Wednesday, April 11, 2018

US Shale Crude Oil Midstream -- The Red Queen Re-Surfaces -- April 11, 2018

During the early years of the Bakken boom, folks talked about the "Red Queen." The argument was that North Dakota had to keep drilling more and more wells just "to keep up." We haven't heard much about the Red Queen. There appears to be an inverse relationship between "Red Queen" hysteria and the number of DUCs.


Now, the "Red Queen" has apparently gotten off one treadmill and gotten on another. The new treadmill is the "midstream" or "pipeline" treadmill. Anyone following the blog and/or following RBN Energy is well aware of this issue.

Now, we have a short article from Bloomberg via Rigzone that tries to quantify how much this build-out is going to cost: $170 billion over the next seven years. Data points:
  • gas output will expand by 24 billion cubic feet, or 32 percent, through 2025 from last year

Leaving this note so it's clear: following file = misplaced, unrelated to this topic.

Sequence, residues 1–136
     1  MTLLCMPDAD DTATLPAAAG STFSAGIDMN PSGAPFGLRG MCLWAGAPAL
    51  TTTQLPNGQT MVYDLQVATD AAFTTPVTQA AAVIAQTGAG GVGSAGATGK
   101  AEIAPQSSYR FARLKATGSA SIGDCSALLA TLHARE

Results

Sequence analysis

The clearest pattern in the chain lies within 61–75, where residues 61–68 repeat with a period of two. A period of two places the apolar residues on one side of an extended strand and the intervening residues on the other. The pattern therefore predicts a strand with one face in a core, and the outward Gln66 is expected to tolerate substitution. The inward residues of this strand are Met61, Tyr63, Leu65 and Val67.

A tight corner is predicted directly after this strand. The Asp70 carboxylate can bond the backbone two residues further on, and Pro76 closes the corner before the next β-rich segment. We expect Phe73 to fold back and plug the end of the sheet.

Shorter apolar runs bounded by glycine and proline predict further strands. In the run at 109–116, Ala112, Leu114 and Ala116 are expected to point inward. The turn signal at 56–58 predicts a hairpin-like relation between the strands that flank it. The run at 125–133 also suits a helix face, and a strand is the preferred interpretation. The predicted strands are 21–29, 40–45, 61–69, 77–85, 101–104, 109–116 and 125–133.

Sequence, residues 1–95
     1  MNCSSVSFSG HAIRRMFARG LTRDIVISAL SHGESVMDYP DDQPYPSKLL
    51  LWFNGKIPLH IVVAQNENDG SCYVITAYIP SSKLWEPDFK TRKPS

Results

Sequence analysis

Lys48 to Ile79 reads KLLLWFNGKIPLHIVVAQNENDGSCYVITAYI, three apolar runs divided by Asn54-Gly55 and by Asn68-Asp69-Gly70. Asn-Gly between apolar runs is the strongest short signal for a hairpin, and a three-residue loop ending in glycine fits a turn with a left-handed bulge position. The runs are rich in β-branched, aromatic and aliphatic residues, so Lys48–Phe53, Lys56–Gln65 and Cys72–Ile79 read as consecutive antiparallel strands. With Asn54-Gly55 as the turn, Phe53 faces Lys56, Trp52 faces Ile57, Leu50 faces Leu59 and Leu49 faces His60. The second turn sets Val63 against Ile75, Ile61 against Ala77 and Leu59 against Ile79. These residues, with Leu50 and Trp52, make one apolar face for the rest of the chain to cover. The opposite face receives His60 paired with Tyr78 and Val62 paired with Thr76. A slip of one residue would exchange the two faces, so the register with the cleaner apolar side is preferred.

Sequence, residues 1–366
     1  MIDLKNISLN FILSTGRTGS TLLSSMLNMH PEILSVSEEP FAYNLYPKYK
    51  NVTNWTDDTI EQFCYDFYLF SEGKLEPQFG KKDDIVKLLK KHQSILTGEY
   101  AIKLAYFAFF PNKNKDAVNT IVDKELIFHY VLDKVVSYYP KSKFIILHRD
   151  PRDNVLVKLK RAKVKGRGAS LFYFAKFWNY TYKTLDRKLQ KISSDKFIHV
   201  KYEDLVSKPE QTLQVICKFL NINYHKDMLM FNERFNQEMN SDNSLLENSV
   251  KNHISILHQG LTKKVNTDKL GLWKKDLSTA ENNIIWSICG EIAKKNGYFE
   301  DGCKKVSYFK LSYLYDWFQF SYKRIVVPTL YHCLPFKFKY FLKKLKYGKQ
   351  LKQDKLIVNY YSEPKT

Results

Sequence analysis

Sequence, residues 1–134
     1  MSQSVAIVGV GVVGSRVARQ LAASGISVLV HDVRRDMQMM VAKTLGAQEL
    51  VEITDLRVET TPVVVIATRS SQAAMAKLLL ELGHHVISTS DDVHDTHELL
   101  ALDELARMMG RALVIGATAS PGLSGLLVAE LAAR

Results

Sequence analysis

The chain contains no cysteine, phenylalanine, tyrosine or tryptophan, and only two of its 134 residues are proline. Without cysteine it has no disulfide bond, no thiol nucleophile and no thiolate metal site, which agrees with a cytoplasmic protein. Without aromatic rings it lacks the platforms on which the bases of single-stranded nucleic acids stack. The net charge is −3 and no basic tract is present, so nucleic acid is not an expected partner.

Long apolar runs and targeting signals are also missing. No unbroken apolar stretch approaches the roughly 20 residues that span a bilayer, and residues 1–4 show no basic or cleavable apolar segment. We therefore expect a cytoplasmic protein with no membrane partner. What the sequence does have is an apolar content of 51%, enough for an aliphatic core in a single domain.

• to support that growth, the country’s gas industry needs to spend $170 billion over the next seven years on pipelines, compressor stations, export terminals and other related infrastructure [see source at link]
  • the Permian Basin, know for its oil-rich layers of rock, is facing the threat of having to slow down the output of crude because drillers lack capacity to handle all the the gas that’s flowing as a mere byproduct [the very problem the Bakken had]
  • for companies building multibillion-dollar plants to chill gas into liquid and ship it abroad, the abundance of cheap gas from the Permian in West Texas is an advantage
  • developments there “will happen” because it’s an environment supportive to energy infrastructure
  • that may not happen fast enough for Appalachia [again, according to the expert at the link]

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